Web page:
5. #5
    SirKristoff is a poopiehead Ozzy's Avatar
    Join Date
    Jul 2001
    Location
    Greenswamp, NC
    Posts
    13,747
    Mentioned
    3 Post(s)
    Tagged
    0 Thread(s)
    Don't worry, I've got a good one waiting for you. Too bad April don't come twice a year.

  6. #6
    Always a newbie glider14's Avatar
    Join Date
    Oct 2005
    Location
    Louisville, Kentucky
    Posts
    3,956
    Mentioned
    0 Post(s)
    Tagged
    0 Thread(s)
    Quote Originally Posted by [b
    Quote[/b] ]Crinoid stem? Crinoids are very common fossils and I've been in a stream in Kentucky where the gravel bottom was almost entirely pieces of crinoid stem with the occasional "head".
    ha yay kentucky! are these crinoids the same as brachiopods? we have tons of them here! ever heard of falls of the ohio? that place has more fossils than anywhere ive ever seen! me and my brother even found a rare trilobite(but it was small).
    Alex
    Everything is explainable. The seemingly unexplainable is but a result of our insufficient knowledge.- Hans Brewer

  7. #7
    白人看不懂 Drosera36's Avatar
    Join Date
    Aug 2004
    Location
    z5/6, Rochester, NY
    Posts
    2,017
    Mentioned
    0 Post(s)
    Tagged
    0 Thread(s)
    Crinoids are related to sea anemones, I think. Brachiopods are clams and stuff.

    -Ben
    He who can, does. He who can't, teaches. -George Bernard Shaw
    I love these shirts!!!
    My Growlist
    My Webpage

  8. #8

    Join Date
    Apr 2006
    Location
    Cincinnati, OH
    Posts
    427
    Mentioned
    0 Post(s)
    Tagged
    0 Thread(s)
    Glider: most of southwest Ohio rests on what's called the Cincinnati Arch, a huge crop of exposed limestone seabed from the Ordovician (440 mya, prior to vertebrates really taking over). As a result, in much of southwest OH you can find huge numbers of brachiopods, crinoids, bryozoans, and trilobites anywhere there's exposed rock.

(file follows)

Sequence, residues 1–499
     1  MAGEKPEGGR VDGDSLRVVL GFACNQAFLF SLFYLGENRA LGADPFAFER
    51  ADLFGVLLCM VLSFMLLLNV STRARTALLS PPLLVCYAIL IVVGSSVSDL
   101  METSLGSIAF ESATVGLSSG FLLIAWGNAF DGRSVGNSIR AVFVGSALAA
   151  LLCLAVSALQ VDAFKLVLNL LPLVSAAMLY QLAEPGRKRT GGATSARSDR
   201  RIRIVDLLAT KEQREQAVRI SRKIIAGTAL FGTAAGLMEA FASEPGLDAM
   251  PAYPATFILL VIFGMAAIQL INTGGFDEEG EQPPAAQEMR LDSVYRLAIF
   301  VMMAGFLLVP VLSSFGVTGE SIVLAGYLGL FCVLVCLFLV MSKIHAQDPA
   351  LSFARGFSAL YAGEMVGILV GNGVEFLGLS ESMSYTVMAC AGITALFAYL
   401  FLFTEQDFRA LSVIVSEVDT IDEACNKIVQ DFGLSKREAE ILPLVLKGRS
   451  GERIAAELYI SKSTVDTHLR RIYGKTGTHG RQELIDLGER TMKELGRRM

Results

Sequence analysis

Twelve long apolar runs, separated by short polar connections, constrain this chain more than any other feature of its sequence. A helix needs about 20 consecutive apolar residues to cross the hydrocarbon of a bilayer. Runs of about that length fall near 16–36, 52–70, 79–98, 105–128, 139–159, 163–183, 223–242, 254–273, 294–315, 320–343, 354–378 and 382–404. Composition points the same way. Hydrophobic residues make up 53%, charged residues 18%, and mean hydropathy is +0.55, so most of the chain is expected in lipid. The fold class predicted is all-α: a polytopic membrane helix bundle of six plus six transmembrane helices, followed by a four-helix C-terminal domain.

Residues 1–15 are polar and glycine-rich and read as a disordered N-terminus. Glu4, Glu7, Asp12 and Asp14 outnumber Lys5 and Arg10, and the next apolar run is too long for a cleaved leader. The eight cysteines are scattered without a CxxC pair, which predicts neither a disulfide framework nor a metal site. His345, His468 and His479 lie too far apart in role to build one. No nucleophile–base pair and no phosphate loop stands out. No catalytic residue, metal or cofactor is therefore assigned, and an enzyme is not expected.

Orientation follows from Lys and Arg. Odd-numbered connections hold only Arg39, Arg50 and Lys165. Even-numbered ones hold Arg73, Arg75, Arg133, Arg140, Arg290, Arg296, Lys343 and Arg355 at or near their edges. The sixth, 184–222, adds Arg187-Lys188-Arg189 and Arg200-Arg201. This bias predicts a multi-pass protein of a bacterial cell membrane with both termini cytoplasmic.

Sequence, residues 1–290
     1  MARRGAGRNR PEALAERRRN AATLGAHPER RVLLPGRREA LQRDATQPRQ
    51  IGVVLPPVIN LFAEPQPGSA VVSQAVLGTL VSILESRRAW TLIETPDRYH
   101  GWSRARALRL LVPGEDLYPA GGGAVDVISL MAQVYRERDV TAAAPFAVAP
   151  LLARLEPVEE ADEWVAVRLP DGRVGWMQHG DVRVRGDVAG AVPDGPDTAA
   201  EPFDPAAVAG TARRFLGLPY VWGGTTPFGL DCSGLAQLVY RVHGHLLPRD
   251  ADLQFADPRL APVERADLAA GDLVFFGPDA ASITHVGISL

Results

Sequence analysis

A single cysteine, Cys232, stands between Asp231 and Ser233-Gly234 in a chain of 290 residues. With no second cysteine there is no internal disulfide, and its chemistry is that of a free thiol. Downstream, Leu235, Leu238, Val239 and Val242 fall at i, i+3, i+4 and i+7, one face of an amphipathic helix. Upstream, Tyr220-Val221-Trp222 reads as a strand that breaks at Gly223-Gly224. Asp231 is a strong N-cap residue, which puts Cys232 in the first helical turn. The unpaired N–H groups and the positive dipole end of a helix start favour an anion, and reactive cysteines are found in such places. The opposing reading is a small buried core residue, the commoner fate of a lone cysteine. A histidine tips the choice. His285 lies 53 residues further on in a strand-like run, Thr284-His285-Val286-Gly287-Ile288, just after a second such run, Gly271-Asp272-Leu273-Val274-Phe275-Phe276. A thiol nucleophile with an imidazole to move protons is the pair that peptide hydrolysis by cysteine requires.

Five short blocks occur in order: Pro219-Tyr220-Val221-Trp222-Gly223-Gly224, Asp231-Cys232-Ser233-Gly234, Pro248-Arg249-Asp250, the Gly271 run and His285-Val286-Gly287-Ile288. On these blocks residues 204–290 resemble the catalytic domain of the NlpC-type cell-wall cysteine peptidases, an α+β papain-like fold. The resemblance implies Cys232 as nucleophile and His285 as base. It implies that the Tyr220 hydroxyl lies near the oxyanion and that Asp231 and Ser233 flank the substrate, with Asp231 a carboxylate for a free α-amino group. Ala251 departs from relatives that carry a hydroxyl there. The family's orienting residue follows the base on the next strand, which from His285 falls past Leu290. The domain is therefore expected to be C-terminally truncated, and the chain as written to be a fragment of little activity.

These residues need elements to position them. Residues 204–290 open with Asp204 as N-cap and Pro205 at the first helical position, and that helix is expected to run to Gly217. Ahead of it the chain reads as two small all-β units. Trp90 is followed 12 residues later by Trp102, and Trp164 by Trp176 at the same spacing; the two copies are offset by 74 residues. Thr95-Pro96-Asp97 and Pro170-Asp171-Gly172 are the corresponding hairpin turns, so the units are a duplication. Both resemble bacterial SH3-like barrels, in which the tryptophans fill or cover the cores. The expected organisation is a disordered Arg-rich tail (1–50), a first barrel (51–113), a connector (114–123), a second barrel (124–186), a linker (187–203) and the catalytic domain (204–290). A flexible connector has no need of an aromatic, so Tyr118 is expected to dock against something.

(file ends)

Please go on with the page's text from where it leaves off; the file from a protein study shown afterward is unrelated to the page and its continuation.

Technically, crinoids are closely related to neither clams nor sea anenomes, but rather to starfish. Essentially, they're an upside-down starfish with a long "stem" growing out of their back which anchors them to the substrate. They're distinct from anenomes and other cnidarians by virtue of being deutrostomes (the first hole in embryonic development becomes the anus, while in most other invertebrates it becomes the mouth), having 3 embryonic cell layers (cnirdarians have only 2), lacking nematocysts, having "tube feet", and possessing a 'skeleton' of calcium disks.

    Also, brachiopods aren't actually clams, but rather are lophoporates. I'll not go into *all* the details, but basically, a clam's plane of bilateral symmetry is between the two halves of the shell (in other words, if the opening of the clam is horizontal, what's on the left and right aren't the same, but what's on top and bottom are), while for brachiopods it's through the midline (the reverse: a bachipod with the opening oriented horizontally has the same stuff on left and right, but not top and bottom).

    Mokele
    \"With malleus aforethought, mammals got an earful of their ancestor's jaw.\"
    --J. Burns, on the evolution of auditory ossicles.

Page 1 of 2 12 LastLast

Tags for this Thread

Posting Permissions

  • You may not post new threads
  • You may not post replies
  • You may not post attachments
  • You may not edit your posts
  •